Adversity is nothing new to Sean Singletary.
Most people are excited to be given the chance to play in the NBA. It is the dream of millions of young people from the time they first pick up a basketball.
Still, even though most draft boards did not even include Singletary’s name, he was far from jumping for joy when his name was finally called in the middle of the second round by the Sacramento Kings.
“Being the competitor that I am, I was a little disappointed,” Singletary said to reporters the following day, “but I wasn’t annoyed. Everyone that got picked deserved to be picked, [but] I’ll definitely have motivation from where I was picked.”
Singletary was the second player taken from the ACC this year behind N.C. State’s J.J. Hickson, and yet all Singletary received from the “experts” was faint praise.
“The Kings needed a point guard and Singletary is a talent,” Chad Ford of ESPN wrote. “He can score and dish and could be a nice backup point guard. But if Beno Udrih leaves via free agency, Singletary isn’t good enough to take over—he could barely produce wins in the ACC.”
Certainly Virginia struggled last season, enduring a painful stretch of basketball in which they lost 10 out of 11 games including a blowout loss at Xavier. Their season ended against Bradley at home in the semifinals of the inaugural (and hopefully final) CBI tournament.
However, anyone who spent more than a moment watching these games could realize just how much Singletary produced for four magical years in Charlottesville, VA.
Singletary is only six feet tall and yet he has produced some of the biggest plays in the last few decades of Virginia basketball. Most college basketball fans will remember him for his falling down shot against Duke last season to give the Cavaliers a dramatic 63-61 victory and a spot atop the ACC standings.
His stare at the ESPN camera following the improbable shot showed the heart of a young man who had been proving people wrong all his life.
Singletary has experienced the highest of highs and the lowest of lows during his career.
He can claim victories over every single ACC team, beating Arizona three times in his career and outplaying third pick of the 2006 draft Adam Morrison in Spokane.
He has numbers most people can only dream about, being the only player in ACC history with 2,000 points, 500 assists, 400 rebounds, and 200 steals for his career. All of this was done with defenses knowing they had to stop him, and yet Singletary scored in double figures every single game last season. That streak was even better than North Carolina’s Tyler Hansbrough.
Still adversity has challenged Singletary throughout his time at Virginia. His team, despite all his gaudy numbers, went 66-56 during his career with the Cavaliers.
Singletary constantly had to take over games because he lacked the supporting talent to ease his burden. Being asked to do so much, he never complained, even when his teammates underperformed. He has always had a strong sense of optimism and determination, believing up until the ACC tournament that this team had a chance of going to the NCAA tournament.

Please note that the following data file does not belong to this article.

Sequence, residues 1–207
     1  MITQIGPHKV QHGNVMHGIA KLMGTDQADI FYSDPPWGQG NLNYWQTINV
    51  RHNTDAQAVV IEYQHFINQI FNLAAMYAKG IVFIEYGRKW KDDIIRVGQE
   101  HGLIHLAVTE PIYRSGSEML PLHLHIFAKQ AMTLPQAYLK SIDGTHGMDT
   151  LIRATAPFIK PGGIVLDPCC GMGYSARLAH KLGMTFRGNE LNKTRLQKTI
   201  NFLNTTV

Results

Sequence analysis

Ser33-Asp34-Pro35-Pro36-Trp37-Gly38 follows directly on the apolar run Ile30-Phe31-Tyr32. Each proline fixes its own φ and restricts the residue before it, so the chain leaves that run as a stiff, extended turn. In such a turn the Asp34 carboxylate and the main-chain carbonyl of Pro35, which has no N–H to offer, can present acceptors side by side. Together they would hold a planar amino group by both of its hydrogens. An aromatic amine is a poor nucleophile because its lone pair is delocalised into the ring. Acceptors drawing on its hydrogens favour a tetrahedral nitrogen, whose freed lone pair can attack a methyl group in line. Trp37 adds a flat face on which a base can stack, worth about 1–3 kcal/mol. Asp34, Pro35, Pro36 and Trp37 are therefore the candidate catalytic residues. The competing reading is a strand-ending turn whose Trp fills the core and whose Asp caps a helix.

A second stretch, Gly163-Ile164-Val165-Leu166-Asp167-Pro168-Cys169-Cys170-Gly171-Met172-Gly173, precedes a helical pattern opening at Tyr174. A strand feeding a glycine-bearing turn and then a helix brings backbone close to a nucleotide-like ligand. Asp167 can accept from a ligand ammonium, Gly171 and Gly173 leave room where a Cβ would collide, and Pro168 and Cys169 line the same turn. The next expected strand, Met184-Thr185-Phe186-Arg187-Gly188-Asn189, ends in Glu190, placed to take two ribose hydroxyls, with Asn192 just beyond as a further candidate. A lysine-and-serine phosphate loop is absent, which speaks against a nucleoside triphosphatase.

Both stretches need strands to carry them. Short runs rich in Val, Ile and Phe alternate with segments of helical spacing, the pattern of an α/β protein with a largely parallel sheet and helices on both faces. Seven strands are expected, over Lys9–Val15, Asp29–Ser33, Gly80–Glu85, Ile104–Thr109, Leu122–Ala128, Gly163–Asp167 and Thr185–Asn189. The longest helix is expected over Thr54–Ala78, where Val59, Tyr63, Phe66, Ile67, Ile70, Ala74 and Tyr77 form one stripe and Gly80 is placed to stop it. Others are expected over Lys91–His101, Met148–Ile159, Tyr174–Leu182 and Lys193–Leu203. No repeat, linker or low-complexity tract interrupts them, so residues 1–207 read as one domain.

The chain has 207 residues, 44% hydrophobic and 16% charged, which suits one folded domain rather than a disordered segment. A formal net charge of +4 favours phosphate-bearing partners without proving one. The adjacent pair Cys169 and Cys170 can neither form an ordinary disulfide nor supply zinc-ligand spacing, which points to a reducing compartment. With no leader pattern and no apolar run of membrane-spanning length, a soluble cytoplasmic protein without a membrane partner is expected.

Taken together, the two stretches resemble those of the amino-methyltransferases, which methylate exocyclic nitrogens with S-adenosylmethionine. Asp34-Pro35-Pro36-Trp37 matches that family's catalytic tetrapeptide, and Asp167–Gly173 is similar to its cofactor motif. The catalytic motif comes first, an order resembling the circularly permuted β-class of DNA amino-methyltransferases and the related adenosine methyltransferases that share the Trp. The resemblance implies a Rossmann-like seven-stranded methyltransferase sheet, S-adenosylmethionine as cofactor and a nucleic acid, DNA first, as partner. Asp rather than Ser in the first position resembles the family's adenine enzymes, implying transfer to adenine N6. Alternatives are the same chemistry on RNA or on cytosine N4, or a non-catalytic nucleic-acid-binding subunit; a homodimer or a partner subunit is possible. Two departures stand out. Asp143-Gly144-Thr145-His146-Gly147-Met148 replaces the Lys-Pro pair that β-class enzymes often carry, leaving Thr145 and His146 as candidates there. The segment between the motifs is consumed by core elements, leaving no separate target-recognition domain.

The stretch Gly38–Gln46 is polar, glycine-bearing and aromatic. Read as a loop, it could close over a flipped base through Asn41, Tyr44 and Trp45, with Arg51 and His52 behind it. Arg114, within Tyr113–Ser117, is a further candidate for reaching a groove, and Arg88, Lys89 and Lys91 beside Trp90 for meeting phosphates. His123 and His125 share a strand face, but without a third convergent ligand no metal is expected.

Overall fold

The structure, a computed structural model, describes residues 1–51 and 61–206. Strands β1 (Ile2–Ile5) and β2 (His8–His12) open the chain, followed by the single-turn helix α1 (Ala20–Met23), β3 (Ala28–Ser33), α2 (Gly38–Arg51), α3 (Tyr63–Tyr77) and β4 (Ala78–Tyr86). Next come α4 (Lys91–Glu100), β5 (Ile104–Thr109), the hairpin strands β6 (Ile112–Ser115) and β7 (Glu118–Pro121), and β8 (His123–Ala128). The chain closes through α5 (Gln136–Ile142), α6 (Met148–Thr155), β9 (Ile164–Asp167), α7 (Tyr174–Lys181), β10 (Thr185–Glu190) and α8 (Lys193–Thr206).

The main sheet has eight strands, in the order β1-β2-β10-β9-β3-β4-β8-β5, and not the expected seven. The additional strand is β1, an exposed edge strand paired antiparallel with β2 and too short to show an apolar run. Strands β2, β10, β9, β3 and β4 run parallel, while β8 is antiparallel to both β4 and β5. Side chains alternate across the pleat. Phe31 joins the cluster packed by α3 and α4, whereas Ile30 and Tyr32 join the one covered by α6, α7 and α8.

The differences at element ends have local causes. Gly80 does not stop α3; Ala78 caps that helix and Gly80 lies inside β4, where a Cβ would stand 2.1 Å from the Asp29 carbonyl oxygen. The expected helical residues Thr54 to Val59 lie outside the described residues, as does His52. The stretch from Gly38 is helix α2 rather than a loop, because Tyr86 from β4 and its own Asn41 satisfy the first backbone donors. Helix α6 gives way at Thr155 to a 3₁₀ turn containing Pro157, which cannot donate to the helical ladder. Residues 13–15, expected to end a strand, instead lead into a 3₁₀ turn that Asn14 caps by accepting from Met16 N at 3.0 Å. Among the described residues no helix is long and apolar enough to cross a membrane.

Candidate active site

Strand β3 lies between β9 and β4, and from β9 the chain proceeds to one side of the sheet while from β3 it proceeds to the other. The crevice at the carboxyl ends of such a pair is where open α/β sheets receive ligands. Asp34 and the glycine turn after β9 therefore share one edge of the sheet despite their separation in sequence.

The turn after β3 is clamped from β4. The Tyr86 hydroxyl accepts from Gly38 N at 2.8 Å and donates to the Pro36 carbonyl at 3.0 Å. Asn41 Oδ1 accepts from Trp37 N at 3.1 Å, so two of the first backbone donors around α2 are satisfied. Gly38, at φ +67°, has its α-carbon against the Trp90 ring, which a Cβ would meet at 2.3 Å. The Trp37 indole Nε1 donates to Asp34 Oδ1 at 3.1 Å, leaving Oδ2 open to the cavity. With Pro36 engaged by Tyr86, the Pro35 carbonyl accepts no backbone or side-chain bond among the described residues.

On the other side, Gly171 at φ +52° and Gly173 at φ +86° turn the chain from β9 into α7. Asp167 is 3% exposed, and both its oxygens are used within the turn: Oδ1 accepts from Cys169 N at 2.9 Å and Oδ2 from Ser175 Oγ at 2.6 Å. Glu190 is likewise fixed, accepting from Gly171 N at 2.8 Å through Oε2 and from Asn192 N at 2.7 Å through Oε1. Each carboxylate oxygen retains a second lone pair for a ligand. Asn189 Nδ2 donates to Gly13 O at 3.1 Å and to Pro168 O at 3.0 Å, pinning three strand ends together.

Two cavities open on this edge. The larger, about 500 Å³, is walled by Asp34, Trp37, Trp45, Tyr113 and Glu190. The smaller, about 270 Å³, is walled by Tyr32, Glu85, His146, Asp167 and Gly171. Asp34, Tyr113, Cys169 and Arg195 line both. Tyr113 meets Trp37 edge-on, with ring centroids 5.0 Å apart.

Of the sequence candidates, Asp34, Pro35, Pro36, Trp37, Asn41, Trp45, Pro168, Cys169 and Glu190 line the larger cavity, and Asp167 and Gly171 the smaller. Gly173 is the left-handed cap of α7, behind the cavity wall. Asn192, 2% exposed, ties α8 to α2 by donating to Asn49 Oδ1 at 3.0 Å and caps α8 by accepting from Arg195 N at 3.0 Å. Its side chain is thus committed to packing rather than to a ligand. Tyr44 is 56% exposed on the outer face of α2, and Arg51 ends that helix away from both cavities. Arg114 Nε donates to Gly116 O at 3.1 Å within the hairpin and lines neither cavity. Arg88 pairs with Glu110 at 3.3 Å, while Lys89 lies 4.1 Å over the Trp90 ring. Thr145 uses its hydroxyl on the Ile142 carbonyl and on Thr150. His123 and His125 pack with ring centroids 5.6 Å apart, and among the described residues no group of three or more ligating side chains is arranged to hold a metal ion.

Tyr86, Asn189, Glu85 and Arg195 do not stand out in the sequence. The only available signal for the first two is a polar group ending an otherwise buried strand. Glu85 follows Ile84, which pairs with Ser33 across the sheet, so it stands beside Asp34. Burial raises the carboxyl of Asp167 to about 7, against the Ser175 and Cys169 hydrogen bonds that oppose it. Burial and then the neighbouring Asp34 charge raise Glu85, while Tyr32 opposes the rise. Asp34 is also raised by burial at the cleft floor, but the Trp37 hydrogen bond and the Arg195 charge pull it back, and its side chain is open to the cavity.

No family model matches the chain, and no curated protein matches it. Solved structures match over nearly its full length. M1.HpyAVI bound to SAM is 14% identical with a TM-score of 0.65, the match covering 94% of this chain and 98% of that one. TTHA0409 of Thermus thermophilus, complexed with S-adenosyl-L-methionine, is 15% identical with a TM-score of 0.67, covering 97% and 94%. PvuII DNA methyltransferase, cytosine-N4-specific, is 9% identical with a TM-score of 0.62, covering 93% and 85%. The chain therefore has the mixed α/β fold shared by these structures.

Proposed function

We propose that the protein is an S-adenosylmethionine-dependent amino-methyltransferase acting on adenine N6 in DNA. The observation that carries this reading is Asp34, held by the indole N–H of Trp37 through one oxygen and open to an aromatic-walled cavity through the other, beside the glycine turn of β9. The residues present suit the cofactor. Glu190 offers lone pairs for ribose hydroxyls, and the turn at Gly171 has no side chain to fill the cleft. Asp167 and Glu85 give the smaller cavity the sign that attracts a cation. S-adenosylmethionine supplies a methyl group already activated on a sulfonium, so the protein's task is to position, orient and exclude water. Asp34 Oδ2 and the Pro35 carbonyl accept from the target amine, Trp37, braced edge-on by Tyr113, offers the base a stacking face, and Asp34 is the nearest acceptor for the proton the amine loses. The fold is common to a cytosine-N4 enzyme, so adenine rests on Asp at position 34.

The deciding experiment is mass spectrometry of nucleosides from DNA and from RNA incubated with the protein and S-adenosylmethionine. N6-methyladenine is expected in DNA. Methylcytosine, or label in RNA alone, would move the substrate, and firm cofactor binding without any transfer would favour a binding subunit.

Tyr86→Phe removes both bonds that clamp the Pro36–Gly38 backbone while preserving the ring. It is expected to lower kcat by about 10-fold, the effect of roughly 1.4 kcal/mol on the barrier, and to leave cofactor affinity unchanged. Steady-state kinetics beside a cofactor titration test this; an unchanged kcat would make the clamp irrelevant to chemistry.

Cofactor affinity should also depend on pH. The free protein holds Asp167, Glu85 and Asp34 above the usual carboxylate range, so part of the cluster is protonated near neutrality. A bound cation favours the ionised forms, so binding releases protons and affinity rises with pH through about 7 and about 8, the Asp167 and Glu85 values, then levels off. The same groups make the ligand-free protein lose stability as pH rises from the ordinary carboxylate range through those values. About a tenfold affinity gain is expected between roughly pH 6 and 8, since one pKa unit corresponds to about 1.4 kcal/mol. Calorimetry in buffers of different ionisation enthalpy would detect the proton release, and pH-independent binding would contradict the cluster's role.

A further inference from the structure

That hope is something that he will need in rebuilding Sacramento.
He also had to deal with personal loss as well. After a loss at N.C. State, Singletary was told about the murder of one of his close childhood friends. Singletary later admitted this was the seventh time he had received such news during his young life.
He chose Virginia over schools like Connecticut and Kansas so that his cancer-stricken parents from Philadelphia could easily come down to watch his games.
Still, he has found a way to manage the pain both mentally and physically.
For many years, Singletary played with a shoulder and hip injury. He had offseason surgeries his first two years at Virginia and yet he only missed one game his entire career at Virginia.
In his junior year, he averaged more minutes than any other player in the ACC, including a 37-minute performance against Arizona to open the John Paul Jones Arena with a 16-point comeback.
Now Singletary is healthy and ready to prove people wrong again. Many of his own fans who have loved his moments at Virginia believe he is too short, too turnover prone, and too defensively deficient to compete in the NBA.
Too bad all those NBA medical tests cannot measure the size of your heart.
It is that adversity which has always made Singletary stronger. He could have easily given up last year when his team was in the ACC cellar but he continued to compete. He could have given up after a very lackluster performance in NBA camps last year, but he improved and impressed many teams including the Kings.
It garnered him the 42nd pick of the draft.
That hard work has paid off and now the next challenge has appeared. With both starting guards for the Kings being free agents and most of their headlines surrounding perennial distraction Ron Artest, Singletary may be just what the doctor ordered.
Singletary will work hard and provide a passion and energy each and every night. He will not be perfect at first, rookies never are. However, you can be sure that he will continue to work and practice until he reaches his goal.
So go ahead and doubt him. He's used to it by now.